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Vol. 23. Issue 2.
Pages 170-180 (01 March 2019)
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Vol. 23. Issue 2.
Pages 170-180 (01 March 2019)
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DOI: 10.1016/j.bjpt.2018.11.011
Exercise for the prevention of osteoporosis in postmenopausal women: an evidence-based guide to the optimal prescription
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Robin M. Dalya,
Corresponding author
rmdaly@deakin.edu.au

Corresponding author at: Institute for Physical Activity and Nutrition, School of Exercise and Nutrition Sciences, Deakin University, 221 Burwood, Highway, Burwood, Melbourne, VIC, Australia 3215.
, Jack Dalla Viaa, Rachel L. Duckhama,c, Steve F. Frasera, Eva Wulff Helgeb
a Institute for Physical Activity and Nutrition, School of Exercise and Nutrition Sciences, Deakin University, Geelong, Australia
b Department of Nutrition, Exercise and Sports, Section of Integrative Physiology, University of Copenhagen, Copenhagen, Denmark
c Australian Institute for Musculoskeletal Sciences (AIMSS), University of Melbourne and Western Health, St. Albans, Melbourne, Australia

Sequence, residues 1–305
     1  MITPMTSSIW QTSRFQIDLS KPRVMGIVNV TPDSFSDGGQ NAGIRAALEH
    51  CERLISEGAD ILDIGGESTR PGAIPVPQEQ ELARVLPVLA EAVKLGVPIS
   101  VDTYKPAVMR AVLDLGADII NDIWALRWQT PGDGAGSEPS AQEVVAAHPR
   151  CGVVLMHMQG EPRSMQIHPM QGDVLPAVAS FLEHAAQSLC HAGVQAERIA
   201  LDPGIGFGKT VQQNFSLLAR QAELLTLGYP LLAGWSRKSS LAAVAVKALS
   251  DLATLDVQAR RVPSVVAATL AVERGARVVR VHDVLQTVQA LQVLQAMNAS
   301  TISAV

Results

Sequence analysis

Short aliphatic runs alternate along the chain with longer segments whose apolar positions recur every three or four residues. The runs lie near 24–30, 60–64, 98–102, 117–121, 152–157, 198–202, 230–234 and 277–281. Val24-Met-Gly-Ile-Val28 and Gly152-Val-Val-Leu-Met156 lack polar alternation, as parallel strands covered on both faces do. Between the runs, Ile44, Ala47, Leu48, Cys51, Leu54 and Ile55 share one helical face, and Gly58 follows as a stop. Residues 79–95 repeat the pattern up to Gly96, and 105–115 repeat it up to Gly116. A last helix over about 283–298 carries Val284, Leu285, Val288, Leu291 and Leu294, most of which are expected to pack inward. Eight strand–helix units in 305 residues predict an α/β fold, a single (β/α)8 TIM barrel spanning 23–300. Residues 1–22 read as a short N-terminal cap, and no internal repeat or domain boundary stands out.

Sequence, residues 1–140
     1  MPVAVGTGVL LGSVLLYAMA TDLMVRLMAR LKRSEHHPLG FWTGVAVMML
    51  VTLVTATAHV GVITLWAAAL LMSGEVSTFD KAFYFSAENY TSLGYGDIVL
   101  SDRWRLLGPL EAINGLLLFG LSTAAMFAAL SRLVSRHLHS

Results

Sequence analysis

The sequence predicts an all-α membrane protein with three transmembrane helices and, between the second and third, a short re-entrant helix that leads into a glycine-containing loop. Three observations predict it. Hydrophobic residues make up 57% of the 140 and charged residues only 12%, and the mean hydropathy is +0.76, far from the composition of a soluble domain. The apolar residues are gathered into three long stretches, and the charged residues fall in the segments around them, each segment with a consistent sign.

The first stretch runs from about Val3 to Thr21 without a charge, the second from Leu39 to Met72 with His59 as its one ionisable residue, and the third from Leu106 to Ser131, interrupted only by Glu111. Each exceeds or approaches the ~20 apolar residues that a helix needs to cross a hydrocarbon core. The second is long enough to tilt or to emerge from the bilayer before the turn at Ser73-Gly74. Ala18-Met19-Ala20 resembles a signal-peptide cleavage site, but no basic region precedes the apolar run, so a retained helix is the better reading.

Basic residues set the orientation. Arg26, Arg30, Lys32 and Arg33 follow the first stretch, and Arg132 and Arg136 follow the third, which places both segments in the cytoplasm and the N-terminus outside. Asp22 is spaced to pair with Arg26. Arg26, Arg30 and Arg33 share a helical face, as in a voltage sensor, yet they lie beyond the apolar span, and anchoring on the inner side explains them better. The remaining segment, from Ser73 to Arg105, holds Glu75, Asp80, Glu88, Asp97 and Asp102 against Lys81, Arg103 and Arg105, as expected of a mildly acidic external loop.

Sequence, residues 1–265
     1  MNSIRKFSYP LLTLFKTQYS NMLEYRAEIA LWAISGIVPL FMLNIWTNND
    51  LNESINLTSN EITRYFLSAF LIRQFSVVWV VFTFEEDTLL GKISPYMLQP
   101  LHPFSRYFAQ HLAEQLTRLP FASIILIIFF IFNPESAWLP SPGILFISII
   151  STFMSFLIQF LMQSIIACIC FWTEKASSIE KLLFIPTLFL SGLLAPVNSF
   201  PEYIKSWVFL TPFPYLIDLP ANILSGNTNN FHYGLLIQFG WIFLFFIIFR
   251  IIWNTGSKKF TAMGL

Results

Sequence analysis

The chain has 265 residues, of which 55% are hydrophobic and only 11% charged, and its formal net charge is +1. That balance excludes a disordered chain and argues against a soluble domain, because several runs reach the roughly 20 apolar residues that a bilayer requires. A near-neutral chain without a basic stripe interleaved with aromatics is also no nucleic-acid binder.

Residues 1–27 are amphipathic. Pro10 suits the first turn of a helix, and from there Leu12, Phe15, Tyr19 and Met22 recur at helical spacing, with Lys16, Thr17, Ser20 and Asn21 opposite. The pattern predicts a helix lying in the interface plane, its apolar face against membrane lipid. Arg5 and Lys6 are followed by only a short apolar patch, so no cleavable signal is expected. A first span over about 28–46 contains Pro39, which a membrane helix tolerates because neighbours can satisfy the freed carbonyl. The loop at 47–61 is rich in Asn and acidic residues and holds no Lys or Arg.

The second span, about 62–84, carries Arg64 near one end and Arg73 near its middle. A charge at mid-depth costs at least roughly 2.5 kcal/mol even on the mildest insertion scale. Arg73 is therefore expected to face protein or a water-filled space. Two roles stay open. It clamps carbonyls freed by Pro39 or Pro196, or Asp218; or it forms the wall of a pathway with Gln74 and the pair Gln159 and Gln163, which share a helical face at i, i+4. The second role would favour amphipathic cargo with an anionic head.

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Tables (2)
Table 1. Peak vertical ground reaction forces (normalized to body weight) for a range of weight-bearing impact activities.a
Table 2. Exercise prescription recommendations for the prevention of osteoporosis and fragility fractures. Adapted from Daly and Giangregorio.90,a
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Abstract
Background

Osteoporosis and related fragility fractures are a global public health problem in which pharmaceutical agents targeting bone mineral density (BMD) are the first line of treatment. However, pharmaceuticals have no effect on improving other key fracture risk factors, including low muscle strength, power and functional capacity, all of which are associated with an increased risk for falls and fracture, independent of BMD. Targeted exercise training is the only strategy that can simultaneously improve multiple skeletal and fall-related risk factors, but it must be appropriately prescribed and tailored to the desired outcome(s) and the specified target group.

Objectives

In this review, we provide an overview of the general principles of training and specific loading characteristics underlying current exercise guidelines for the prevention of osteoporosis, and an update on the latest scientific evidence with regard to the type and dose of exercise shown to positively influence bone mass, structure and strength and reduce fracture risk in postmenopausal women.

Keywords:
Exercise
Osteoporosis
Postmenopausal Women
Bone Mineral Density
Fracture
Physical Therapy

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